Rational Thinking?

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Rational Thinking?

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CBS News' 60 Minutes last night ran an interview with former Mossad chief Meir Dagan. Mr. Dagan said, "The regime in Iran is a very rational regime."


The interviewer, Lesley Stahl, replied, "Do you think Ahmadinejad is rational?"

Mr. Dagan: "The answer is yes. Not exactly our rationale, but I think that he is rational."

Stahl:  "Do you think they're rational enough that they are capable of backing down from this?"

Dagan: "No doubt that the Iranian regime is maybe not exactly rational based on what I call Western-thinking, but no doubt they are considering all the implication of their actions."

I had a number of thoughts as I watched this interview. Why was a former head of Mossad, Israel's intelligence agency, which is the equivalent of the CIA, speaking so openly about Iran's nuclear intentions? This man Dagan was at one time the point of the dagger aimed at any enemy of the State of Israel. He cut and thrust first to defend the state. He sent operatives to any part of the world to secure the nation and its people.

I wondered if this man, who knows far more of the facts than any American news reporter (he's seen all the top secret intelligence data) really believes the "rational" thinking of Iran's mullahs is something he can trust the security of Israel to? His bottom line was that there could be reason not to launch a pre-emptive strike on Iran now in favor of an extended diplomatic solution that could stretch another two to three years.

I had one other thought. Could this man be manipulating the media and public opinion in some complex public relations move by Israel to keep everyone off guard about its intentions, conceding striking at Iran's nuclear program? I don't know exactly what is going on, and perhaps no one does. Israel knows its survival is on that line with the threat of a nuclear-armed Iran. Iran's leaders have made no secret of their hatred for the Jewish state, and they have often stated their desire that Israel be pushed into the sea and obliterated.

Prime Minister Netanyahu said last week in a speech before supporters of Israel that "if it walks like a duck, talks like a duck and quacks like a duck—its a duck!" Israel's leadership sees a distinct threat. I operate from a perspective that the leaders in Israel and Iran know what the other is capable of doing. Comments by all parties mean something and should be crucially discerned. It is a very dangerous moment.

Jew and Arab have been unable to live in peace in the region in our time. War after war has been fought between Israel and its Arab neighbors.

This developing confrontation between Iran's stated intentions toward Israel and the survival of Israel and a potential full scale war in the Middle East is the most serious issue facing the world right now. No one wants to see a war of any scale erupt at this critical point in world affairs. The results would be catastrophic.

We are dealing here with war, and not just any war. This would be war in the region where the West receives much of its life blood—oil. Disrupt the flow of oil from the Persian Gulf, and you see gas prices sky rocket. The fragile economic recovery in the United States and Europe suffers. Jobs are lost, the price of basic commodities rises, and a lot of plans are set back.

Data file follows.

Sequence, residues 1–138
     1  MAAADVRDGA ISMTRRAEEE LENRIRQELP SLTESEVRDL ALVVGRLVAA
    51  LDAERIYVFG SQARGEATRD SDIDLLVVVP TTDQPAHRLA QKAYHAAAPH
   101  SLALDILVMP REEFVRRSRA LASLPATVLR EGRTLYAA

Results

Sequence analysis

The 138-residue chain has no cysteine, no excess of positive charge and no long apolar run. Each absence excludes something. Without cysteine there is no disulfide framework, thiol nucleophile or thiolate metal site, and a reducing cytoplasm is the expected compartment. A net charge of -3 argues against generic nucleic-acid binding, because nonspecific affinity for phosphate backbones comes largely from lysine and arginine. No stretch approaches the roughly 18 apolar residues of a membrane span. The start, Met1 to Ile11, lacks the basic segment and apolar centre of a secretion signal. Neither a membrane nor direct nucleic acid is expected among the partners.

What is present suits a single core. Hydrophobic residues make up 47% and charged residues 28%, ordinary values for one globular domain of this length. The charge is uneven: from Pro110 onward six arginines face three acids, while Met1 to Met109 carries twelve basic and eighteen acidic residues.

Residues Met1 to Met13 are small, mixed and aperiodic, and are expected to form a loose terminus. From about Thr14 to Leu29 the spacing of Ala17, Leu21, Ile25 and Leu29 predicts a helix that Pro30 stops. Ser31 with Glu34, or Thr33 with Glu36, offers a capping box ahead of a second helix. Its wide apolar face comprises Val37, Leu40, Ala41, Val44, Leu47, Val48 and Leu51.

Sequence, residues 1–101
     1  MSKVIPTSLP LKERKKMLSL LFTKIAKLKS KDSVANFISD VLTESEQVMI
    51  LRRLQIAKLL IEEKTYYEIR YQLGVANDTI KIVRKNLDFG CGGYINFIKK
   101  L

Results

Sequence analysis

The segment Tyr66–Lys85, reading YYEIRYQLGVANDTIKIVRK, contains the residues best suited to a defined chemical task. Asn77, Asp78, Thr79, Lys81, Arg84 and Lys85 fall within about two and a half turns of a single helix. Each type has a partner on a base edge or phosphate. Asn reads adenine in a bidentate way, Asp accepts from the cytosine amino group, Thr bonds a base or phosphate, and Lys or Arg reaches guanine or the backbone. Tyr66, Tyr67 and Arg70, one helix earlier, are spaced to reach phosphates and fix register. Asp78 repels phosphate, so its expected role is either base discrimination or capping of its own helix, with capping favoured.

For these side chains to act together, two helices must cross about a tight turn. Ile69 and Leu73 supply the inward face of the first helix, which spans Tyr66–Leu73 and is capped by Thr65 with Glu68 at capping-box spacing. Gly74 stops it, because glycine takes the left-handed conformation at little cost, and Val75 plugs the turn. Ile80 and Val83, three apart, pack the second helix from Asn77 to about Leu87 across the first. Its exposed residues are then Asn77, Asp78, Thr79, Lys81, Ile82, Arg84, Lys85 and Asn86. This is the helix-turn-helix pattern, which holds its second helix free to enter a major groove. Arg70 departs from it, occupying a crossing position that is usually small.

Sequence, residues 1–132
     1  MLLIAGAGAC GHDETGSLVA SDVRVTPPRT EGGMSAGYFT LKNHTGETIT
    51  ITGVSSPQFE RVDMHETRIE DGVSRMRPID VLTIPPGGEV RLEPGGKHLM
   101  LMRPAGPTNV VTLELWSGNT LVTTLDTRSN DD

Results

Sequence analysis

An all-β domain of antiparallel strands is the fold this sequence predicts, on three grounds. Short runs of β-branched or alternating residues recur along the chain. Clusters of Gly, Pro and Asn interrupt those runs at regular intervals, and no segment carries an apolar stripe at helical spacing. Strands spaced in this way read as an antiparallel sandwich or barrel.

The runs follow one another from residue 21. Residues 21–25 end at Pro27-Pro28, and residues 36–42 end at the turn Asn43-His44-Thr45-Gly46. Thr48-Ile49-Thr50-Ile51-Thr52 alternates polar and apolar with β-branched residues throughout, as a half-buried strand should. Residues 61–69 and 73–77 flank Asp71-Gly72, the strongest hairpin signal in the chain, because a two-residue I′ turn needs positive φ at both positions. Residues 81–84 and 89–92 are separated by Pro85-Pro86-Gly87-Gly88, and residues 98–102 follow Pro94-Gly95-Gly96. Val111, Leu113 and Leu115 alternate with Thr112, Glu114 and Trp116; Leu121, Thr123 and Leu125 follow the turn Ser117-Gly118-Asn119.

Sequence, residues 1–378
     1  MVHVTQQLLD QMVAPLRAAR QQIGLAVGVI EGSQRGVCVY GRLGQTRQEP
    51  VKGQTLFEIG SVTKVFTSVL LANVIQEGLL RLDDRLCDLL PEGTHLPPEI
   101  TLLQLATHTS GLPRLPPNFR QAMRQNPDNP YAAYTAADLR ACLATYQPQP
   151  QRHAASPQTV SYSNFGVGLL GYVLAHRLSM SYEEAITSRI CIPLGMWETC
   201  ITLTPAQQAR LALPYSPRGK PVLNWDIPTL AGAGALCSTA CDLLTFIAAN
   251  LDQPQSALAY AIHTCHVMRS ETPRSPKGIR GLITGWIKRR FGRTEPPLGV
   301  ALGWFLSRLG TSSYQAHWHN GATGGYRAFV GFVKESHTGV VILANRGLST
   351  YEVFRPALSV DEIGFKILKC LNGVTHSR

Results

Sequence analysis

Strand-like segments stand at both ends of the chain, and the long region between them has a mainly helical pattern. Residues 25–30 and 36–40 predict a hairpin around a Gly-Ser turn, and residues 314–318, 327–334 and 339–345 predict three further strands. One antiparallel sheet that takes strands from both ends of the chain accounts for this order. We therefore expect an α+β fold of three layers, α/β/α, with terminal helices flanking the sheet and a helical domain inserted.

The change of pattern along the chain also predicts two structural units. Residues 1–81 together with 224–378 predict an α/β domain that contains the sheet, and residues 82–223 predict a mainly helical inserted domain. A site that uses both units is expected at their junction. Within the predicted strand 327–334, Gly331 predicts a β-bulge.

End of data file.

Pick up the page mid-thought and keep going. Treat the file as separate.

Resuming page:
War in the Middle East is at the heart of end-time Bible prophecy. Invasions by outside powers, the rise of armies and their convergence on Jerusalem are key events described in Daniel and Revelation. We watch any major event in the region with not only a view of geopolitics but also how this fits with an understanding of the Bible prophecy. We are dealing here with big events that impact people on the ground in both Iran and Israel. And that is the most critical thing to consider.

While watching this interview last night and hearing the former Mossad head's thinking, I am wondering whether he is playing some high stakes mind game. Not that I am pushing for Israel to make a pre-emptive strike. These leaders are dealing with human life—both Arab and Jew. Israel has learned the art of war, and they play for keeps knowing that there is no second chance. The stakes are very high in this affair. Are they playing for peace, or are they playing at war?

I wish world leaders were skilled at waging peace rather than war. But sadly the words of Isaiah that describe the path to war fit too many today:

"Their webs will not become garments, nor will they cover themselves with their works; their works are works of iniquity, and the act of violence is in their hands. Their feet run to evil, and they make haste to shed innocent blood; their thoughts are thoughts of iniquity; wasting and destruction are in their paths. The way of peace they have not known, and there is no justice in their ways; they have made themselves crooked paths; whoever takes that way shall not know peace" (Isaiah 59:6-8).


I wish that men like Meir Dagan, Benjamin Netanyahu and Mahmoud Ahmadinejad could find the way to run a straight path toward peace—for the sake of all their people. This would be the rational way to think and act. Sadly, history shows most nations and leaders do not know the rational way to a lasting peace. That would take submission to God, and that they have not known.